Moss is one of the most common lawn problems in the UK and is unsightly to look at.
They occur in almost any terrestrial environment where moisture is available. Moss produces no roots as such, however they do produce structures called rhizoids that have a purely anchoring function, with water and nutrients being absorbed via the arial part of the plant.
There are approximately 600 species of moss in the UK, and approximately 30 of these species can appear in turf. They can be grouped into 2 major categories, according to their growth habit:
1. Cushion or mat-forming, found on hard surfaces, paving or tennis courts.
2. Trailing mosses, symptomatic of poor drainage and shaded areas.
There are normally 2 major growth periods for moss during the year. These are autumn and spring, when spores are produced, before later dying.
If a lawn is infested with moss, it needs to be treated before other applications will work properly. Because moss is such a common problem, when we provide a quotation and lawn analysis, the first treatment that we usually recommend, is a moss killer application, as untreated lawns are most likely to be infested with it.
Most customers have scarification afterwards to remove the debris from the lawn.
Common causes for moss
- Excessive moisture
- Clay soil/Compaction
- Poor drainage
- Excessive thatch
Why do you need to treat the turf for moss?
It is vital that moss is treated regularly before it reaches the stage where the moss chokes out the grass. It is also unsightly as it is very much lighter in colour than that of the grass plant. A regime of chemical treatment, scarification and aeration will keep the moss to a minimum and allow for the grasses to grow and thicken.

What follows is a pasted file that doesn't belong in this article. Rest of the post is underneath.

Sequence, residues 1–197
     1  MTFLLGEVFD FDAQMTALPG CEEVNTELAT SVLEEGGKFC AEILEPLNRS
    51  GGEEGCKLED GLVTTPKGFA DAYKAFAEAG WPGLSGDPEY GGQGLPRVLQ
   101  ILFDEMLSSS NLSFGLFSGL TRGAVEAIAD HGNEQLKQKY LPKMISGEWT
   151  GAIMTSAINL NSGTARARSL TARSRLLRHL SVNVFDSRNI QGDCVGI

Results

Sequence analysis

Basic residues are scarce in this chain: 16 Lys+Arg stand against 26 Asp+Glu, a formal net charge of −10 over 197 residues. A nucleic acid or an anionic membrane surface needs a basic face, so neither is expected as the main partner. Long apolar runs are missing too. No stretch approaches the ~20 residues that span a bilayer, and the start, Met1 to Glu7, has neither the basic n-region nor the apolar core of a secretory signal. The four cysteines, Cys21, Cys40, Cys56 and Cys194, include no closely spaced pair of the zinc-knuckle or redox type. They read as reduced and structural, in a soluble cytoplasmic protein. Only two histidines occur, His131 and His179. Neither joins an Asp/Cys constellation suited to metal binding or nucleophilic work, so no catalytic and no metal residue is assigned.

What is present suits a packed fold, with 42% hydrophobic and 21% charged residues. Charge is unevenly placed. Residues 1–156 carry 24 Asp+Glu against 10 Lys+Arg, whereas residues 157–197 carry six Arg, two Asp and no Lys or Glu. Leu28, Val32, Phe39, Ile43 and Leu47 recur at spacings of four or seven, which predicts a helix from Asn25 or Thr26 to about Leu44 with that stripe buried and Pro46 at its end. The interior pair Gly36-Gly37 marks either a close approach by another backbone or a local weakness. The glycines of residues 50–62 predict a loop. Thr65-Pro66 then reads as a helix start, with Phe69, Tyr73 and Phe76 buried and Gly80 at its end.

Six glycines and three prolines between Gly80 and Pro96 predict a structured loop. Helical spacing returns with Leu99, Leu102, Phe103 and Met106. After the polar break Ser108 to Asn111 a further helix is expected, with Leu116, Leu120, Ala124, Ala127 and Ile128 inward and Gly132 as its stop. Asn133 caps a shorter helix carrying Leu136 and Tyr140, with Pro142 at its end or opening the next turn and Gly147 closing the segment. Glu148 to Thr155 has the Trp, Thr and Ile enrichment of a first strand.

Regular scarification will also help in treating moss as this will reduce the thatch layer which if left to build becomes an ideal growing medium for the development of moss.
Ways of treating moss
When to treat moss in turf?
There are two main periods in the year when moss treatment is recommended. Firstly there is the spring period, as moss may have become infested in the lawn over the winter period, especially if you have not previously had any form of moss control. The moss will need to be removed at this time of the year to allow for a good quality lawn to be achieved during the summer months. The second period of the year when moss can be successfully treated is in the early autumn. This can be necessary after a wet summer and will allow the lawn to be in the best possible condition at the start of the following year.